Introduction / History The Southern Baluch of Oman are part of a larger Baluch community of several million. Their homeland lies in the southern areas of Baluchistan and Sind Provinces in southern Pakistan. They began migrating to the Arab lands 70 years ago when oil was discovered there. Their name, "Baluch," is shrouded in controversy. Some say it means "nomad," while others claim that it means "the cock's crest." Some have traced their origins to Nimrod, son of Cush (Noah's grandson). While some things are uncertain, we do know that they first moved to the region in the twelfth century. It was during the Mogul period that their territory became known as Baluchistan.
Despite the disrupted contact with their homeland, the Baluch in Oman have maintained their ethnic and linguistic distinctions. The various Baluch groups speak different languages, each with distinguishing traits. These languages have been classified as Eastern, Western, or Southern Baluchi.
What are their lives like? Arabs constitute the bulk of the population of Oman, but significant minorities of Indians, Pakistanis, and East Africans are found in the principal ports. The majority of the population is Ibadhi Muslim; Sunni Muslims form the other major religious group.
Arabic is the official language of Oman. Although the majority of the country's adult population was illiterate in 1970, the national education program has expanded rapidly since that time. New schools for children have been built, and adult literacy programs have been established.
Agriculture in Oman is dominated by the cultivation of export crops, primarily dates and limes. Some grains and vegetables are grown for local consumption, but most food must be imported.
The traditional Baluch economy is based on a combination of farming and semi-nomadic shepherding. While survival techniques may vary, each community tries to keep a wide variety of animals and grows many different crops.
Baluchmayar is the honor code by which the Baluch live. Principles such as extending hospitality and mercy, dealing with one another honestly, and offering refuge to strangers are very important. These beliefs are preserved through both songs and poetry. Children learn proper behavior by watching their elders and are taunted whenever they misbehave.
What are their beliefs? Ibadhi Islam is the state religion of Oman, but religious minorities have freedom of worship. However, no outreach to the unreached indigenous population is officially permitted. Although the Baluch are a scattered people, they all follow Islam. Most are Sunni Muslims, but underneath their Islamic faith is a strong undercurrent of animism (belief that non-human objects have spirits). Prior to the coming of Islam, the Baluch were probably followers of Zoroastrianism, an ancient Persian religion. Because of the mixture of old religions with Islam, the Baluch tend to be less devout than the more orthodox Arabs.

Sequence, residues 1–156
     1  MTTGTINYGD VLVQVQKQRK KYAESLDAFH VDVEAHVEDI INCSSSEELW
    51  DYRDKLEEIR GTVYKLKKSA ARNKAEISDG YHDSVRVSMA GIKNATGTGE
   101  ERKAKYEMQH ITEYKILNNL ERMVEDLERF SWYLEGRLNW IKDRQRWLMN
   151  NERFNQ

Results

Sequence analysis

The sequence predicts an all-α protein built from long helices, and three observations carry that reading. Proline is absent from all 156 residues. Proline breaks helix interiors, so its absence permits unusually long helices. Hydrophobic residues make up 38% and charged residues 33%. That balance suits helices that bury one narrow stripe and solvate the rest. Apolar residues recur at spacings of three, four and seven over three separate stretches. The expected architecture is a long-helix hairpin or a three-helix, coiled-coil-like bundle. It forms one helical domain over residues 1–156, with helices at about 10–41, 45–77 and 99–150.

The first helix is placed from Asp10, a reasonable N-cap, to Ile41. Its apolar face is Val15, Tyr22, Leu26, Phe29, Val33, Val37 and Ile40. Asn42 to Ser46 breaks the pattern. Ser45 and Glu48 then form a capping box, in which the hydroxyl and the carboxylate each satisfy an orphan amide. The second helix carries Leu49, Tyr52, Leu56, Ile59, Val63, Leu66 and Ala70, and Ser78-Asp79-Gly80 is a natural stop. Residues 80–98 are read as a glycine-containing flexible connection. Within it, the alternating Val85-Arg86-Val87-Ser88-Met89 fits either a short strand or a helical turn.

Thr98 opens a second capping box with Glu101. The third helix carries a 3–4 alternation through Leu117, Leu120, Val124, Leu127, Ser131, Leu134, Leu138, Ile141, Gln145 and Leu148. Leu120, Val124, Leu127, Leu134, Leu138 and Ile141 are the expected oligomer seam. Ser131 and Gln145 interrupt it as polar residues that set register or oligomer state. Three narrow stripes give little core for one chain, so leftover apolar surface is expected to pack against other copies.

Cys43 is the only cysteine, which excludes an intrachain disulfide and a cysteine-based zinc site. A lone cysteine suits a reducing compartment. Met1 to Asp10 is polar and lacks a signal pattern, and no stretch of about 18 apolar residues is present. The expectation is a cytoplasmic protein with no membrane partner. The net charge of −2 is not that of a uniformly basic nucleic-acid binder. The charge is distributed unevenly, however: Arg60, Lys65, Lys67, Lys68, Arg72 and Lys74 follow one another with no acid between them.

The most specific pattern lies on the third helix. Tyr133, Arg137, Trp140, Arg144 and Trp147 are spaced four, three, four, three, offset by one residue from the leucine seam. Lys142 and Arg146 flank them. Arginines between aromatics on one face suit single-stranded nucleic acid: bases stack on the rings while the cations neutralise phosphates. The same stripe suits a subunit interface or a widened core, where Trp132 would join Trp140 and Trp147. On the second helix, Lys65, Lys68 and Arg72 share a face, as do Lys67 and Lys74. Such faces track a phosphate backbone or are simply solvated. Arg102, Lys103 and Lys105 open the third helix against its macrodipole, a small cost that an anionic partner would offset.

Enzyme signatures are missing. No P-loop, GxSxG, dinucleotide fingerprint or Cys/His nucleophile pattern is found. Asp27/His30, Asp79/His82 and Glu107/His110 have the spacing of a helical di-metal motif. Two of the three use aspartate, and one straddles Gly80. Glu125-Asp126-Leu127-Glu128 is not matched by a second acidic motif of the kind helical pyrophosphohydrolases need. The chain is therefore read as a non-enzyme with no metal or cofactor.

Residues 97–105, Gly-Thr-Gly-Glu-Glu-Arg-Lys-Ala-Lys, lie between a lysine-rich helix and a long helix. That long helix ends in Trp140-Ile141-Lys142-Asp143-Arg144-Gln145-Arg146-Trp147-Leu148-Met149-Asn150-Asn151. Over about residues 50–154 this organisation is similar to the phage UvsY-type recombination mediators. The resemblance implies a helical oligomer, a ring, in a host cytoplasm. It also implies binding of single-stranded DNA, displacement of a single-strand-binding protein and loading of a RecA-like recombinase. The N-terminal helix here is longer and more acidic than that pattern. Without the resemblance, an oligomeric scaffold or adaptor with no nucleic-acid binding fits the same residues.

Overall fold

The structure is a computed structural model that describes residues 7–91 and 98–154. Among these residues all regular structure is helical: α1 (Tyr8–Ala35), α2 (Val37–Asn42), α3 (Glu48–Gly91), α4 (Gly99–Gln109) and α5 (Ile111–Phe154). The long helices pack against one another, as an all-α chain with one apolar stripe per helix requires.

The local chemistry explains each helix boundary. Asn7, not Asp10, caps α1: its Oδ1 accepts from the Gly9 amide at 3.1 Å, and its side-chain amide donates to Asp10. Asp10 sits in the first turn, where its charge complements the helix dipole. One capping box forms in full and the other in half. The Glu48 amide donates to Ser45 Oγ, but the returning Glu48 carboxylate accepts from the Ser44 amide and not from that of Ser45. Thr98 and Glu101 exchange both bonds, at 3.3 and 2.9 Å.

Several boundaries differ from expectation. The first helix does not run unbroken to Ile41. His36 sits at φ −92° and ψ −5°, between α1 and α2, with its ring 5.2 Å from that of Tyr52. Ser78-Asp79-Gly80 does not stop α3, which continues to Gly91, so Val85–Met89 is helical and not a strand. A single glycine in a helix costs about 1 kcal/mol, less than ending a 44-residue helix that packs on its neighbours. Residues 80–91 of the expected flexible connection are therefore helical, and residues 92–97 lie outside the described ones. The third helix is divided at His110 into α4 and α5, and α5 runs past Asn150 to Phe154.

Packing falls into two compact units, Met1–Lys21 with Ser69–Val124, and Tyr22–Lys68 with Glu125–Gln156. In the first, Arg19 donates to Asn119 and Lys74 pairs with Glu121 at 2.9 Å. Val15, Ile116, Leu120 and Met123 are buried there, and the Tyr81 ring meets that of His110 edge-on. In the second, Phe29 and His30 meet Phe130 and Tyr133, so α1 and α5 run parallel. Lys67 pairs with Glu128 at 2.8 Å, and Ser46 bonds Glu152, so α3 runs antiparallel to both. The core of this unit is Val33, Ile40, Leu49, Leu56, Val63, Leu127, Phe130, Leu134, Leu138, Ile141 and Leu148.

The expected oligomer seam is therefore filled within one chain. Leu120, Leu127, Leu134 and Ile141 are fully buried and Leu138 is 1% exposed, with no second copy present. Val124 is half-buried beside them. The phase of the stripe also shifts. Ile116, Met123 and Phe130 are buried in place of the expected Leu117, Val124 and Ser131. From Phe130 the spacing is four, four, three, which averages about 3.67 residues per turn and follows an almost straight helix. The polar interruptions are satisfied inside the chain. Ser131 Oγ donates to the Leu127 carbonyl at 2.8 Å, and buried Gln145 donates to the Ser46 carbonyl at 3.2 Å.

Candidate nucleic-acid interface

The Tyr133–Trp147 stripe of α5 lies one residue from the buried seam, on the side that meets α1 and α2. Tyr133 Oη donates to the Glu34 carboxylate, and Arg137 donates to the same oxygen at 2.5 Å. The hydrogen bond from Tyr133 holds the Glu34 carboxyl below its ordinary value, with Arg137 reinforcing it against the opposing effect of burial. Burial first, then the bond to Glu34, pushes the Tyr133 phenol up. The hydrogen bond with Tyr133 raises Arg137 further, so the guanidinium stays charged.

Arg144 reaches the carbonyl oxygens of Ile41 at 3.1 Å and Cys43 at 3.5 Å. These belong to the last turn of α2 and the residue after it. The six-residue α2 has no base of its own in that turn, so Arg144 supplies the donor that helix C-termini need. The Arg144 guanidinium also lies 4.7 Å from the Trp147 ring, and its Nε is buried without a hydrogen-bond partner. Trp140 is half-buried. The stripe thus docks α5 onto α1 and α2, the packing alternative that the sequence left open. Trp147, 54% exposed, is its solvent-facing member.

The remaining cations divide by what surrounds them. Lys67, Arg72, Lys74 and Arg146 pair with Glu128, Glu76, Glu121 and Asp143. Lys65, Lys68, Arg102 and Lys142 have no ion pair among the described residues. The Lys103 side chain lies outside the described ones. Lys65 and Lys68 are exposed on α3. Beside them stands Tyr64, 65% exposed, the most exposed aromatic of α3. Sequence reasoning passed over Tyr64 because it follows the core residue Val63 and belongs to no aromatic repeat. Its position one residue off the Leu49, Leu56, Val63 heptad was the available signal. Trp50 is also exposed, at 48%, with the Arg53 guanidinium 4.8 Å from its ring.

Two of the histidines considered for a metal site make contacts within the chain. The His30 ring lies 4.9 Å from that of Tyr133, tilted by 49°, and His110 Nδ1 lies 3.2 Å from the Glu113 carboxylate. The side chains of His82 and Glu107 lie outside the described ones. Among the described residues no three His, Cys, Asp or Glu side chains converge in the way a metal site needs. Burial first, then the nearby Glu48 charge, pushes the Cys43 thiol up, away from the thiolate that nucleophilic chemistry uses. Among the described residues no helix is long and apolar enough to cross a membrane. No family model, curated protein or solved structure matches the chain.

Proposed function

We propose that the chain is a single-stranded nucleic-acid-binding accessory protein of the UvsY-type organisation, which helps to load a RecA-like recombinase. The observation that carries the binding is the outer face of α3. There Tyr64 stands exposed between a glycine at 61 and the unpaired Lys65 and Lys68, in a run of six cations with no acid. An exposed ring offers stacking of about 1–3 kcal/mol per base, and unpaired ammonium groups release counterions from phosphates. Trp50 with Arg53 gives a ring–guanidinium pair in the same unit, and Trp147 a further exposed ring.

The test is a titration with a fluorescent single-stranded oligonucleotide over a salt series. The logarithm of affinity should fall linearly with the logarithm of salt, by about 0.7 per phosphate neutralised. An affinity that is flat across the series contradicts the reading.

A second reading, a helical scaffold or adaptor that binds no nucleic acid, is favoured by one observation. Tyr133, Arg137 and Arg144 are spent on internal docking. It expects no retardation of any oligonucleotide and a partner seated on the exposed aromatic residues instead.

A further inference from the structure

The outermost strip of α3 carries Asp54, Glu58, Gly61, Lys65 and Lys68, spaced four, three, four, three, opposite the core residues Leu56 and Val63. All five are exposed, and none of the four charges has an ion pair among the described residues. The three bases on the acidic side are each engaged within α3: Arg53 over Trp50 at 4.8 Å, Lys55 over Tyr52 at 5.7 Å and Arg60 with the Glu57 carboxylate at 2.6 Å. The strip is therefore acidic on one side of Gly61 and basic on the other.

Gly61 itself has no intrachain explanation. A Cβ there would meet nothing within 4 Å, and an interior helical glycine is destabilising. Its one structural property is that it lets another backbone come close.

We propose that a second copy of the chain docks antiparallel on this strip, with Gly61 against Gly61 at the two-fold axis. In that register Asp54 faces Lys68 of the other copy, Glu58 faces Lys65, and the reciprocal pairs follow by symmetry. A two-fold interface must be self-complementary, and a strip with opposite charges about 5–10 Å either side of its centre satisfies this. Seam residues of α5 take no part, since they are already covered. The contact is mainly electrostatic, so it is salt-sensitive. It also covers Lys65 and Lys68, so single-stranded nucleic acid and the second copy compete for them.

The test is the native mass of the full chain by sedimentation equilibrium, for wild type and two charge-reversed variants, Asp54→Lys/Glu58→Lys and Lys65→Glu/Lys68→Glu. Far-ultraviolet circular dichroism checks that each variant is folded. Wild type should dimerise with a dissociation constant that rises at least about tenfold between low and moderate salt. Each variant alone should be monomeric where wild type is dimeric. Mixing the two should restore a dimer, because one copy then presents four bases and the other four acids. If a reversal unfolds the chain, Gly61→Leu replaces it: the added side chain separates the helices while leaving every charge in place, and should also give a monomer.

What are their needs? Oman is ruled by a sultan, who is advised by an appointed cabinet. The country has no constitution, legislature, or political parties. The judicial system is based on the law of Islam. A chief court and court of appeals are located in the city of Masqat.
In Oman, both the urban educated and the rural illiterates have had little exposure to the Gospel. In addition, according to Islamic law, a Muslim who professes faith in Jesus Christ can be put to death. That fact may partially explain the small number of Southern Baluch converts in Oman.
The New Testament and the Jesus film are available in the Baluchi language. However, if these tools are to produce lasting fruit, they must be accompanied by much prayer.
Prayer Points * Ask the Lord to soften the hearts of Oman's leaders to the preaching of the Gospel.
* Ask the Holy Spirit to grant wisdom and favor to missions agencies focusing on the Southern Baluch.
* Pray for many opportunities to show the Jesus film to the Southern Baluch.
* Pray that Jesus will reveal Himself as Lord to the Southern Baluch.
* Pray that God will greatly multiply the efforts of the Baluch believers as they share Christ with their friends and families.
* Ask God to raise up intercessors who will stand in the gap for the Baluch.
* Pray that strong local churches will be raised up among the Southern Baluch.